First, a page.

Playing for Real: Slaying Dragons

Playing for Real: Slaying Dragons

Jesse Porch thanks you for playing.

One wonderful benefit of videogames is that they let us simulate basically anything; I’ve saved princesses, slayed demons, carefully sown a season’s crops, and stripmined asteroids, all without leaving the comfort of my computer screen. They can implement complex algorithms that try to approximate reality in extreme detail, or eschew accuracy for stylized presentations that encapsulate the feelings of an experience more than its mechanics. Typically, games are designed to make us feel powerful and heroic, often taking liberties to make the horrific and the quotidian alike seem exciting and engaging. Yet with a renaissance of new genres and game design philosophies in recent years, it seems that more designers and players are realizing that there exists a meaningful niche for videogames to communicate a variety of messages in ways that are decidedly not fun.

One such example, That Dragon, Cancer, is an autobiographical “notgame” created to share one family’s journey of dealing with their four-year-old son Joel’s (eventually terminal) brain cancer diagnosis. It was recently honored in the “Games for Impact” category of The Game Awards, and during his acceptance speech the game’s creator Ryan Green powerfully expressed the paradox of being a storyteller caught telling a story he wished he didn’t have to:

“Often in videogames we get to choose how we’re seen. Our avatars and our tweets and the work that we do are all meant to portray the story that we want to tell the world about why our lives matter. But sometimes a story is written onto us, or it’s told because of us or in spite of us, and it reveals our weaknesses, our failures, our hopes, and our fears. You let us tell the story of my son Joel, and in the end it was not the story that we wanted to tell.”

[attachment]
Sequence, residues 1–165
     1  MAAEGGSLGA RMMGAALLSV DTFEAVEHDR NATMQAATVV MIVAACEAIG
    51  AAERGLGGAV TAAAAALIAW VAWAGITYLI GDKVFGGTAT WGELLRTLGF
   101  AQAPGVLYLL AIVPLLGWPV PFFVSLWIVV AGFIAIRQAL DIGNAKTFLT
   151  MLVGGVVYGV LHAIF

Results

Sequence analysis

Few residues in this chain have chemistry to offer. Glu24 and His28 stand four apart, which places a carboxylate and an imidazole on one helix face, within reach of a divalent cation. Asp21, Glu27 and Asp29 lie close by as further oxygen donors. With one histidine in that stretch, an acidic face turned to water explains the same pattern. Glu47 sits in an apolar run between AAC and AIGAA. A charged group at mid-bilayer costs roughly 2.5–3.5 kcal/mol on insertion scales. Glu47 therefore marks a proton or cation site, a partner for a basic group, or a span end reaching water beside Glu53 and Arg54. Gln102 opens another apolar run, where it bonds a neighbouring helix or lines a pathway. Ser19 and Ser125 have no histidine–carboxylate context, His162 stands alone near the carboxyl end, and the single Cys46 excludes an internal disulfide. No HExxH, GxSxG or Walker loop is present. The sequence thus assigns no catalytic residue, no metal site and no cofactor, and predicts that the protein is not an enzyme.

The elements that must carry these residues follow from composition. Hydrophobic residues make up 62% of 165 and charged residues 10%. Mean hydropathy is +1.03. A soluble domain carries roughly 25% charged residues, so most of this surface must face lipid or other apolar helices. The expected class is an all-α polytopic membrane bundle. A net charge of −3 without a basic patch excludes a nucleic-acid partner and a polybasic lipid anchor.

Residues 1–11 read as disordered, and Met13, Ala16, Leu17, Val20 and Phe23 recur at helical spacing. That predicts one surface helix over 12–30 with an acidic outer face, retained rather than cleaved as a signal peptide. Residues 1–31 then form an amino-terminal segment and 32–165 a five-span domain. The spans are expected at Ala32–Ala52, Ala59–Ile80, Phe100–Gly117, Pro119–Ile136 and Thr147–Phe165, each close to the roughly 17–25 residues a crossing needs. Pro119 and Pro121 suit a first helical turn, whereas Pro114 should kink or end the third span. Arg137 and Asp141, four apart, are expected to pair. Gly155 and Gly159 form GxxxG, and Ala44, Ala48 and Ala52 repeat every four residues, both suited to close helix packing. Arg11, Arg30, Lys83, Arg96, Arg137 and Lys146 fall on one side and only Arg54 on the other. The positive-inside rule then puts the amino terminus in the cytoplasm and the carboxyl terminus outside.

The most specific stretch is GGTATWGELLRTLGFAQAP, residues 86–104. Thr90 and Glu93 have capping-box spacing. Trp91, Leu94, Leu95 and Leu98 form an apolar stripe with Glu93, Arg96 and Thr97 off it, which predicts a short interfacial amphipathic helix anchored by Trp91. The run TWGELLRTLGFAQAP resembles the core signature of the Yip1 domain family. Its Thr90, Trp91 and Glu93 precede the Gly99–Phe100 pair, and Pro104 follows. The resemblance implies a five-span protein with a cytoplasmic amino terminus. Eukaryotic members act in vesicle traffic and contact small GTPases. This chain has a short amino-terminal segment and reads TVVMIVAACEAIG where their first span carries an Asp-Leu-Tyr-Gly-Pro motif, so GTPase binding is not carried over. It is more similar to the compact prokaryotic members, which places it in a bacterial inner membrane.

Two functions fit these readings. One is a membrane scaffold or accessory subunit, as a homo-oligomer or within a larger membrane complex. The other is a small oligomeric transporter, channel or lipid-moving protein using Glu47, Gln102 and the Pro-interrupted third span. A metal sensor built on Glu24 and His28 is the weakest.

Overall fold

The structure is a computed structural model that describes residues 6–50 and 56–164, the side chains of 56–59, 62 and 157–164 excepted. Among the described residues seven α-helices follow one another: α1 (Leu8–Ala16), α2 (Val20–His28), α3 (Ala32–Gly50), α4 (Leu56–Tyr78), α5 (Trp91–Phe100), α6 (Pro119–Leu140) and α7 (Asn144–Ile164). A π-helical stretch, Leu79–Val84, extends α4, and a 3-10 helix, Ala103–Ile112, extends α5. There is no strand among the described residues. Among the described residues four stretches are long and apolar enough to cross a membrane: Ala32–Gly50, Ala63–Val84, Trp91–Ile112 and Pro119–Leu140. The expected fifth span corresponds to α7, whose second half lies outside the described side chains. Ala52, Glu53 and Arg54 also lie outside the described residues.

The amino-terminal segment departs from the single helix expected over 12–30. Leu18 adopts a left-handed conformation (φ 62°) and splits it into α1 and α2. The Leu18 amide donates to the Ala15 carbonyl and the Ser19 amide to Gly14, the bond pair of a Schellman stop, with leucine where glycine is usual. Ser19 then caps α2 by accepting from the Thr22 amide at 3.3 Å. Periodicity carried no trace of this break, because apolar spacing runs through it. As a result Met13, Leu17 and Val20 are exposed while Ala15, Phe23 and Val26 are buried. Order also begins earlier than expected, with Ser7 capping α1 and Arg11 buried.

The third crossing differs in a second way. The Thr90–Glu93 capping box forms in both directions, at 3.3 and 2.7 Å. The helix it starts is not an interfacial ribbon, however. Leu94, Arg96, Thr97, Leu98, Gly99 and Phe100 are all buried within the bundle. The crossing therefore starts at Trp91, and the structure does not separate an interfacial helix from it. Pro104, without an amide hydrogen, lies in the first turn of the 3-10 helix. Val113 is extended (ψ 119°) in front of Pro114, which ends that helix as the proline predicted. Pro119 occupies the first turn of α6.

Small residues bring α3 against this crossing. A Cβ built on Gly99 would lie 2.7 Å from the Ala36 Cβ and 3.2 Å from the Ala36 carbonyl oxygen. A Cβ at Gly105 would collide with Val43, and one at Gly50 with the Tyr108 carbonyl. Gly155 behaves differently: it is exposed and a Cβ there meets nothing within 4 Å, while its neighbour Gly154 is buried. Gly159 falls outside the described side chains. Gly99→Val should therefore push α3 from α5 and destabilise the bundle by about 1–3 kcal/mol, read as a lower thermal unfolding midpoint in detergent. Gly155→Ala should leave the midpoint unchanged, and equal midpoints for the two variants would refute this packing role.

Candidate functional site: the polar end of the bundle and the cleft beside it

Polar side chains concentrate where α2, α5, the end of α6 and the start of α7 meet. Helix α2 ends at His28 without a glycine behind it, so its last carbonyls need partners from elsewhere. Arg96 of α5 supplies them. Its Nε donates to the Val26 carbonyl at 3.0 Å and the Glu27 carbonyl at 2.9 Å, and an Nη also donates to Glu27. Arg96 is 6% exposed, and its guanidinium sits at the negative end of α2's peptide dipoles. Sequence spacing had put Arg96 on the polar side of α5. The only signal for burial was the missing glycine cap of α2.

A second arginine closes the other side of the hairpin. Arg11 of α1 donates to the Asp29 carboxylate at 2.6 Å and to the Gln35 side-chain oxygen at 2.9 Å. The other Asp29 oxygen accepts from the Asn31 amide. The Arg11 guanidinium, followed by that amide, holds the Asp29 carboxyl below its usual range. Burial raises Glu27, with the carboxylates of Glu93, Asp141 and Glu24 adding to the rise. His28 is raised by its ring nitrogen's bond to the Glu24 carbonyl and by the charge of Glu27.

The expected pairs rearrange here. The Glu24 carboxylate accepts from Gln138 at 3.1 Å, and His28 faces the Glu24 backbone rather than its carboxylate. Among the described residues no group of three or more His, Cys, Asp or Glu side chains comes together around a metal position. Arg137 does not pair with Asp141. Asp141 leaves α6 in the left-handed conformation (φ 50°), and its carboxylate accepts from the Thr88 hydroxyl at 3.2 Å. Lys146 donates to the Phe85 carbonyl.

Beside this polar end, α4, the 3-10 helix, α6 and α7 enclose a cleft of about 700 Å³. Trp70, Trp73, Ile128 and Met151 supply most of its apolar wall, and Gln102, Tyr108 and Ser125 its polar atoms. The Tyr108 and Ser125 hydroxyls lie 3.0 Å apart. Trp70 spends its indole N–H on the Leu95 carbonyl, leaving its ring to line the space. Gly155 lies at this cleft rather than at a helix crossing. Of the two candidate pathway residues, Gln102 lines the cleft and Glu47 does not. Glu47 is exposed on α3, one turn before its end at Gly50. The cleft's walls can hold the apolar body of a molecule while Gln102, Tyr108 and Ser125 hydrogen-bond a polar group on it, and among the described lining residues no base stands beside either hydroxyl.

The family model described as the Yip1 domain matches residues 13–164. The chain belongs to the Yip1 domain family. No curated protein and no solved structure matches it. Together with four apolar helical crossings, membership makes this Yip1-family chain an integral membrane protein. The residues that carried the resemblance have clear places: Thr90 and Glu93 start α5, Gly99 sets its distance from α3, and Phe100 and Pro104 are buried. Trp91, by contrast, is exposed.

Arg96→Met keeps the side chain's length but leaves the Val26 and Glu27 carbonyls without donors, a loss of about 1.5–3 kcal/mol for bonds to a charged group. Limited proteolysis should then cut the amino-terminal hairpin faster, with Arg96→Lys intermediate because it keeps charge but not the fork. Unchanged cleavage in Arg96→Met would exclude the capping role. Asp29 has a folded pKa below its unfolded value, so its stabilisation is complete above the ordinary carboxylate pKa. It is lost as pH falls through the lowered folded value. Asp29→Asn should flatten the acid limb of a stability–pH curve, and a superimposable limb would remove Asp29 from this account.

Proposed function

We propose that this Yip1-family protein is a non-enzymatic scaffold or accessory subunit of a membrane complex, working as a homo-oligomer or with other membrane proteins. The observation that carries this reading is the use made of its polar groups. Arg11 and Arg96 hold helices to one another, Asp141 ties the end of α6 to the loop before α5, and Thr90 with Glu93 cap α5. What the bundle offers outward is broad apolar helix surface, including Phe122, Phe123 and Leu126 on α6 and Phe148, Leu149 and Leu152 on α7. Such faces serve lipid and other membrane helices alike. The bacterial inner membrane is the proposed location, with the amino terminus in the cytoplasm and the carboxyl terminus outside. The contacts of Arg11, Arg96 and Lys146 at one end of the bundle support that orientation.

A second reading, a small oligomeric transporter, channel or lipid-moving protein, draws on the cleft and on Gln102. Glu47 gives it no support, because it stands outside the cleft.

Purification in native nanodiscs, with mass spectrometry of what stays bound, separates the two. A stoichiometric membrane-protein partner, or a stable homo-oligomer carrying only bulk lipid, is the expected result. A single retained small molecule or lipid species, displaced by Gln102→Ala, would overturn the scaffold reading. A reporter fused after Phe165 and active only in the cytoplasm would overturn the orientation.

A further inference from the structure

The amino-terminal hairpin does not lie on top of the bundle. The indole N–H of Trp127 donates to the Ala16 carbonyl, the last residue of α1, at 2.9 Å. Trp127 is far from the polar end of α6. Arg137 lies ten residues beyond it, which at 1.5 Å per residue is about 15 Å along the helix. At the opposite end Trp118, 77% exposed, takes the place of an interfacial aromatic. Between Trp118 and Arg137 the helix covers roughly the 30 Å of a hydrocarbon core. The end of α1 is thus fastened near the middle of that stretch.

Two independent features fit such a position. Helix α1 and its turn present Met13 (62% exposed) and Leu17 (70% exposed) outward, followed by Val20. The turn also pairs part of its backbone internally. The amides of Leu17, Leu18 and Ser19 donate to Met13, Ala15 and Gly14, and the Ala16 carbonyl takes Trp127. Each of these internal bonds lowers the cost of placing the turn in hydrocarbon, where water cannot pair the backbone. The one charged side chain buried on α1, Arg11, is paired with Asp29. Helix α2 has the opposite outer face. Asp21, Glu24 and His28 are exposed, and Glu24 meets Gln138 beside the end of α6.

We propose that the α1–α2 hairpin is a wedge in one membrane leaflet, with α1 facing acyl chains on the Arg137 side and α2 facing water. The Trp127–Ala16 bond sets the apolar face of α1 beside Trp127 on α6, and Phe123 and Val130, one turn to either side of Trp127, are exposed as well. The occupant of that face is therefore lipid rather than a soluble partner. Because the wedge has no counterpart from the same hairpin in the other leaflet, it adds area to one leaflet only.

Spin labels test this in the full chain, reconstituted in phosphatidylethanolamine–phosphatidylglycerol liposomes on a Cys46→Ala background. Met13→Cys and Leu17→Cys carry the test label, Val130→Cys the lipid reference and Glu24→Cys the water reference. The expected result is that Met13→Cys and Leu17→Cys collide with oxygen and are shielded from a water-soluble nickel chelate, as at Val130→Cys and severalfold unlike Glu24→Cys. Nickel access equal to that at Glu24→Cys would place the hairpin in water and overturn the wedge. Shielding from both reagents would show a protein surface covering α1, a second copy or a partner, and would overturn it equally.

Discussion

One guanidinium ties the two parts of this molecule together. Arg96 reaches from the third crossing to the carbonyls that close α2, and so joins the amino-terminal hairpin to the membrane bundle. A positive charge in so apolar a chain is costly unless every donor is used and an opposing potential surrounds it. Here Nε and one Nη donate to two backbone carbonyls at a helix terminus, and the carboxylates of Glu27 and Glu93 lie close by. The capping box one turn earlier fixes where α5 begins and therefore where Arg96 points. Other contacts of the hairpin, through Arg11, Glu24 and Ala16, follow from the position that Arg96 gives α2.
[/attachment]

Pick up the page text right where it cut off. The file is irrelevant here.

Ryan knew first hand the sense of hopelessness that came with facing this sort of dragon, and the game seeks to convey that honestly instead of cloaking it behind a veneer of empowering “game logic.” Rather than attempting to present a framework that enables the player to triumph and defeat their foe, That Dragon, Cancer presents a series of poignant episodes from the Green family’s struggles, poetically embellished to portray their emotional toll.


In some cases, common game mechanics are borrowed but subverted—for instance, they lack any way to “win.” Instead, common gaming tropes are  re-purposed to convey the sense of frustration Joel’s parents felt when faced with their own powerlessness. One particularly moving scene involves the player wandering around an empty hospital room while the sound of Joel’s crying mixes with Ryan’s voice trying fruitlessly to calm his son. Several objects are available for interaction in classic puzzle game form, but regardless of what the player does the crying continues unabated. Eventually, Ryan collapses into a strained prayer, at which point the crying suddenly ceases. Despite the player’s best efforts, the situation is not a puzzle that can be solved, and playing through the scene gives a tangible weight to Ryan’s feeling of powerlessness.

This stands in stark contrast to popular titles like Titanfall 2 that focus on giving the player simulations of power outside of their typical experience. These rightly-termed “power fantasies” tap into an important component of human nature, giving us exciting ways to experience sorts of agency that would never be possible in real life. The fictional nature doesn’t negate the fact that we experience real emotions in response to our “adventures.” Recognizing this quality, videogame theorist Jesper Juul coined the term “half-real” to refer to the fact that interacting with a game consists of an actual experience supported by an imaginary context.